Is hiding your Wi-Fi SSID and setting it without a password as secure as when your SSID shown with a password on a technical level?
NO. When you hide your SSID, it is broadcast by clients, so its easy enough to discover anyway (just Googling "discovering hidden SSID" will link you to multiple tools and ways this can be done with relative ease). At that point, free access. There has never been much point in hidden SSIDs.
WIFI passwords are not sent in plain text; they require a significant amount of work (if correctly set up - an unrealistic amount of CPU) to crack.
Hiding SSIDs is also bad for privacy.
In addition to providing exactly zero security (as the other answers have explained), hiding the SSID is also a very bad idea if you care about privacy.
In a "normal" (not hidden) network, the access point will periodically transmit "beacons" with various information including the SSID. A client thus only needs to passively listen to see what networks are available. If it sees a beacon from one of the configured networks, it can then decide to connect to it.
However, with a hidden SSID, there's no way for a client to know it's in range of a configured network without actively trying to connect. Thus once you set your device to connect to a "hidden" network automatically, it will keep broadcasting "probe requests" with its SSID wherever you go. Sometimes the SSID itself might be somewhat embarrassing or contain personal information, and sharing the list of networks you visited in the past with everyone you meet is often also not desirable.
THIS IS SUPER EASY TO DECLOAK
You can see it when you are looking at wireless traffic in whireshark while in monitor mode.
You can also simply send a deauthentication packet to the client using aircrack-ng or any other packet crafting tool, and it will show look at probes coming from clients and see it.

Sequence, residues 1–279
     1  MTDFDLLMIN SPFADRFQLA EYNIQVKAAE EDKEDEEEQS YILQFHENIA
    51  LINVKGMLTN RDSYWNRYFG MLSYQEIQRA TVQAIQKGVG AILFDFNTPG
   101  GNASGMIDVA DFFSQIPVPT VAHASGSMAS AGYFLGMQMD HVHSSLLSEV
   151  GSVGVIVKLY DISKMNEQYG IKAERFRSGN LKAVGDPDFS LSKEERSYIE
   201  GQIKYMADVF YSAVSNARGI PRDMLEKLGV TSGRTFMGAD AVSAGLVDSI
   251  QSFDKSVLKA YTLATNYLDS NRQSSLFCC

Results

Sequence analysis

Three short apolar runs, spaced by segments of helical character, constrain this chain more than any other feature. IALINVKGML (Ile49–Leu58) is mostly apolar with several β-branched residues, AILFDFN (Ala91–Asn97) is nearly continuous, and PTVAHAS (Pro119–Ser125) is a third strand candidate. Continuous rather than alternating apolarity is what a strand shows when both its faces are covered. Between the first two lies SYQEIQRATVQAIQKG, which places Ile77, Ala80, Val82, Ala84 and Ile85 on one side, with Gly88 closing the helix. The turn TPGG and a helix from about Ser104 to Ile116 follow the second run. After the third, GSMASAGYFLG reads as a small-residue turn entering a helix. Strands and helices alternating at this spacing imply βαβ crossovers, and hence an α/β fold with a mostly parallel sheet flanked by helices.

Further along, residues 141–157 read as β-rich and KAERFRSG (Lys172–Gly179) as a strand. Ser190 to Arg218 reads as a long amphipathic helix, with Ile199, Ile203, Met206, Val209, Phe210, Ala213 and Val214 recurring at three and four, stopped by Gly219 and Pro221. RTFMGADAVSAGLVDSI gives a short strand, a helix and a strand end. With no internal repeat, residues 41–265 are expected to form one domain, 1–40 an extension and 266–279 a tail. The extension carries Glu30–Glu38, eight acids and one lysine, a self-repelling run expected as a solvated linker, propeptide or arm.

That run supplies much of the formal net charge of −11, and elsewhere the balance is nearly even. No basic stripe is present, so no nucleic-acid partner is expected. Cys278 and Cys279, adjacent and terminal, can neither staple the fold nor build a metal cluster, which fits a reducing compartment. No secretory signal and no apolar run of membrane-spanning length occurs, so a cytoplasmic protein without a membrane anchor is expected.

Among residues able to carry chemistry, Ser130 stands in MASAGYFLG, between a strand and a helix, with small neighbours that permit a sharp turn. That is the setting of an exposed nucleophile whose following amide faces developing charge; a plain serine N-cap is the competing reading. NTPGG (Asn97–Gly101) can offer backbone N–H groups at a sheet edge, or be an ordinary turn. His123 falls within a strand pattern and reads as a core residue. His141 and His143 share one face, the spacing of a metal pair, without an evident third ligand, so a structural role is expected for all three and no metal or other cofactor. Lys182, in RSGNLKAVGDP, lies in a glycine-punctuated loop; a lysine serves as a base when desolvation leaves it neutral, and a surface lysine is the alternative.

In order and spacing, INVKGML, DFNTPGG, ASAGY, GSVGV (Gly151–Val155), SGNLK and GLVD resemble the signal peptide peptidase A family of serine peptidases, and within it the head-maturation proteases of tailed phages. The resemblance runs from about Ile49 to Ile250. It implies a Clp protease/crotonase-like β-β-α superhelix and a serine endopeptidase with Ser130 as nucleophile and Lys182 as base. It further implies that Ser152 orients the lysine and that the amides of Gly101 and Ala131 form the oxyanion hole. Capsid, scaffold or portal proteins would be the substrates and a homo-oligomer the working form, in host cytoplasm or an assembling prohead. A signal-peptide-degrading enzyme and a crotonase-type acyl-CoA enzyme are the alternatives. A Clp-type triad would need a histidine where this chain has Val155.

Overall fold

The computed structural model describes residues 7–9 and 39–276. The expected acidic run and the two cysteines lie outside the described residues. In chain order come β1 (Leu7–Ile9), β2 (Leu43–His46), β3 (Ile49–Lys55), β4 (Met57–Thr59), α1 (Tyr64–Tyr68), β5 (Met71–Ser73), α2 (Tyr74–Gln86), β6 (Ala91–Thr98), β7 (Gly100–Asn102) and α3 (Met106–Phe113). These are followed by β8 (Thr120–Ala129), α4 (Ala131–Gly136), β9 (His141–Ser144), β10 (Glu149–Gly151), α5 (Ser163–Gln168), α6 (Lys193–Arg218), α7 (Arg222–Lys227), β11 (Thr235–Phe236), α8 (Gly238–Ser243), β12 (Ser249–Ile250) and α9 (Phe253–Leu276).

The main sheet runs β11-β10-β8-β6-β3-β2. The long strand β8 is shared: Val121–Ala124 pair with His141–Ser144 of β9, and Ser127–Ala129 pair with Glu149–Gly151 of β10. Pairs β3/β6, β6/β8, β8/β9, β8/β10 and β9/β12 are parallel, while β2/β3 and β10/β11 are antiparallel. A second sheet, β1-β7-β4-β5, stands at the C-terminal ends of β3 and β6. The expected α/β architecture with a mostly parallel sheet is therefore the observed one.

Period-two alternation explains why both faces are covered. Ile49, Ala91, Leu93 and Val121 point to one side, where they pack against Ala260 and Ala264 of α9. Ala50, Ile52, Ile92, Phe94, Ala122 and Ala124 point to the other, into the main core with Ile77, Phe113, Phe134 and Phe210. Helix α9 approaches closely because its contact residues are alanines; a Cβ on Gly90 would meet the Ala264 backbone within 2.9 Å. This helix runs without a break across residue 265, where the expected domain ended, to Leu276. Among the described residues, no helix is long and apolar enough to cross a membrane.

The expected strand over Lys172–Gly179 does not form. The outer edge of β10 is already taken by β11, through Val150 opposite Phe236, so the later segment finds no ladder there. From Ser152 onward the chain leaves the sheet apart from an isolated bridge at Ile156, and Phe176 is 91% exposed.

here is a good article on this.
Others have sufficiently addressed the lack of benefit to security when hiding your SSID, so I would like to point out the significant risk at which you would put your network by not setting a password (i.e. using no encryption).
Anything transmitted between your access point and clients would be open to anyone eavesdropping with a wireless adapter set to monitor mode (trivial to set up). To do that, the person would not even have to connect to your network. Any information not protected by higher-layer encryption (e.g. TLS or PGP) would be available to them in clear.
Should they decide to go further, they could actively manipulate your network's traffic in all sorts of ways.
Whether you decide to hide your SSID or not, always use at least WPA2 encryption with a strong passphrase.
It is very secure as long as you never connect to it. Once you do the name is transmitted out for everyone to see.
As TooTea mentioned, the ability to have hidden SSIDs has made it so that clients must actively probe for the entire list of SSIDs that they are configured to connect to, revealing the full list of SSID names to anyone in the area whenever the device is scanning for new networks. Some devices seem to do this anyway even if the SSID was not configured as a hidden one when connecting.
Edit: If you want to see what 802.11 wireless clients are probing for, it's quite easy if you have a GNU/Linux system. You can do this with the default utilities. This assumes wlan0 is your wireless interface.
iw dev wlan0 interface add mon0 type monitor ifconfig mon0 up tcpdump -n -e -l --immediate-mode -i mon0|grep -i --line-buffered "probe request"
You shouldn't need to change the channel on the mon0 interface because probing is done on all channels. But it could help if the channel you are monitoring has a lot of interference and because of that you aren't able to receive probe requests as well. If you're using wlan0 you won't be able to have mon0 operating on a different channel than wlan0.
Although it's normal for a client to probe for a particular SSID name when it is connected to that network (so it can roam to other access points), if a client is probing for a particular SSID name when that access point has been unplugged or is out of range, then it's leaking the names of SSIDs (wifi network names) that it has been configured to connect to in the past.
If you do this you'll likely eventually come across some clients which are currently not connected, and they'll be probing for the names of hotels and business where they have been connected in the past. This is in addition to revealing some hidden network names that don't show up in your list of near by wireless networks.